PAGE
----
At an early stage of preproduction of his international debut Tinker Tailor Soldier Spy, director Tomas Alfredsson asked The Chimney Pot to get involved in the VFX for the film. TCP has done a lot of work previously with both Tomas and the DOP Hoyte van Hoytema so we were very exited when they asked us to work with them on TTSS. On the film Let the right one in TCP did the DI, VFX, grading and sound design with great results.

We now got the chance to prove ourselves once again creating one of the key shots of the film, and it all grew from there. The director and producers were so impressed with our first shot of the MI6 archive that TCP ended up completing almost a hundred VFX shots for the film in the end. The most essential VFX shot establishing the massive underground MI6 archive was supposed to be a big collage of filmed plates stitched together. Due to problems a very small studio set, TCP VFX supervisor Fredrik Nord decided to recreate the whole archive in 3D instead. Survey photos and measurements of the small part of the set filmed previously were done in London and the digital archive was then built and rendered by 3D supervisor Ruslan Ogorodnik at TCP.

The challenge of creating a full 4K CG shot in 3D turned out to be quite difficult since the level of detail for realism is very critical in 4K. Actors filmed at a set in London were rotoscoped and placed in the 3D environment. The director was so pleased with the finished VFX that he decided to do one more scene with the archive and TCP got the chance to bid and create the remaining VFX shots of the film. In the end TCP created a large variety of shots for Tinker Tailor Soldier Spy. Everything from creating 3D flies to set extensions and retouch. We are very pleased with the results and the positive response we got from everyone in production.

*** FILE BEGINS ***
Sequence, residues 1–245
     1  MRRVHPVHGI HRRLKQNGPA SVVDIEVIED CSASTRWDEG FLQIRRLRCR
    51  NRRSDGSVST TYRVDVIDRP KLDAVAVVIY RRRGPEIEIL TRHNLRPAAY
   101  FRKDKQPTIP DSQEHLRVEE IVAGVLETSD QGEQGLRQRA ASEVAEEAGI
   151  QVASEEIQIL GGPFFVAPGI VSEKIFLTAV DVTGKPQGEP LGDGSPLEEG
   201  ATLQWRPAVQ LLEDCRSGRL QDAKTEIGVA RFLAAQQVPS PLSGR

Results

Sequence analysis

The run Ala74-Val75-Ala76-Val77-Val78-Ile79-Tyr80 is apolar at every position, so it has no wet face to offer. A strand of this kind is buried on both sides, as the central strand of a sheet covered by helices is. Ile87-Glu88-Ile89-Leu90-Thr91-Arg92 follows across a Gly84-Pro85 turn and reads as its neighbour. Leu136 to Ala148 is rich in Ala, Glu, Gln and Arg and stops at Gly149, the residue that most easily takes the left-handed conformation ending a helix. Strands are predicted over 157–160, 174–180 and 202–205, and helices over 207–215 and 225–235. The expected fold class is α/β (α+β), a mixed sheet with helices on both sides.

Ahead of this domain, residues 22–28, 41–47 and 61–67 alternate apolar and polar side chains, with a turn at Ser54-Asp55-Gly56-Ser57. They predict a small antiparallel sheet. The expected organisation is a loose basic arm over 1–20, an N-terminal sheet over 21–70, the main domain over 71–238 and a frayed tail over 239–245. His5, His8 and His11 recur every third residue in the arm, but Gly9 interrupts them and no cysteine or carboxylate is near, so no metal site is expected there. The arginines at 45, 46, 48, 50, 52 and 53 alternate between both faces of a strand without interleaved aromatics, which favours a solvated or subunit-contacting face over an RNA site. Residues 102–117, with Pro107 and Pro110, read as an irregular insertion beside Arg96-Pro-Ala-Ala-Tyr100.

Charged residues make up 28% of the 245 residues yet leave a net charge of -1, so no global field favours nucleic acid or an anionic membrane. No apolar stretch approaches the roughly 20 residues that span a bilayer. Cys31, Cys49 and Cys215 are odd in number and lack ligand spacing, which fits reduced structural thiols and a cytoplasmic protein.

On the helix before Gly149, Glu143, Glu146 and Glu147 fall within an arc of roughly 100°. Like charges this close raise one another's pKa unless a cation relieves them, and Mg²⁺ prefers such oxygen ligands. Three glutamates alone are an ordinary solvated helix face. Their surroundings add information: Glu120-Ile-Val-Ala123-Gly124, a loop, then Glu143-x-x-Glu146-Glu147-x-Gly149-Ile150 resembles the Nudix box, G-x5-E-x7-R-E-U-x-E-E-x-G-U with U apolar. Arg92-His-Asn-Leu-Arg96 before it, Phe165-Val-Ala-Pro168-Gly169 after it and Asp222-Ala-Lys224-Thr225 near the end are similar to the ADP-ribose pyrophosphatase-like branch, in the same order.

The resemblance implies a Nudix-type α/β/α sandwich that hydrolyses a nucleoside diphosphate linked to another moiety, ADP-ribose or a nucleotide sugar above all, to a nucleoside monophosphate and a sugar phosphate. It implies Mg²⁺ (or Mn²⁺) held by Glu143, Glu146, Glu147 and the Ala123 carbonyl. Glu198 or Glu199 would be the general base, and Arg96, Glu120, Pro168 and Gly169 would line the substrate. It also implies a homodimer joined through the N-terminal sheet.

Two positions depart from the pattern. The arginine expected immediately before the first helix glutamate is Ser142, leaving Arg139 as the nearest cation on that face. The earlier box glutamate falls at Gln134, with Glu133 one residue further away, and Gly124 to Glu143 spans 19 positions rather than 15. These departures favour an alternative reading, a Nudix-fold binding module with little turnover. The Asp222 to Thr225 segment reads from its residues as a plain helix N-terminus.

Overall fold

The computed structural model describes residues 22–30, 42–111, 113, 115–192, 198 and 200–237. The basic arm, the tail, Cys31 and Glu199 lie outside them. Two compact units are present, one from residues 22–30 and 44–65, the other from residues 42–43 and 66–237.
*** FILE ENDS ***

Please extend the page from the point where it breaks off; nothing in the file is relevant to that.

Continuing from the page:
We also provided all the DI services to the production company Working Title. Our Senior colorist Mats Holmgren tell us more about the process:

“Before the shooting of Tinker Tailor we did some tests with the dop Hoyte van Hoytema. He was looking for grain. Grain and an impressionistic look, with inspiration from a nice book he had, was the guiding principle. We did the scanning and grade in 4K to get the best result out of the 35mm film negative. By underexposing the negative, Hoyte got a result that caused me to lift the gamma quite high during the grade, also causing a heavy amount of grain. Hoyte was happy with the look. We watched a print in the cinema. It was recorded in 4K with the arrirecorder.

A year later it was scanned and conformed in 4K ready to grade.

We desaturated the film and took a little blue out so we got a warmer tonality. The underexposed negative worked just great.

I have worked with DOP Hoyte van Hoytema and director Tomas Alfredson on several films before this one. I can only say that the grading came along naturally using the nice negative Hoyte and Tomas delivered us.”

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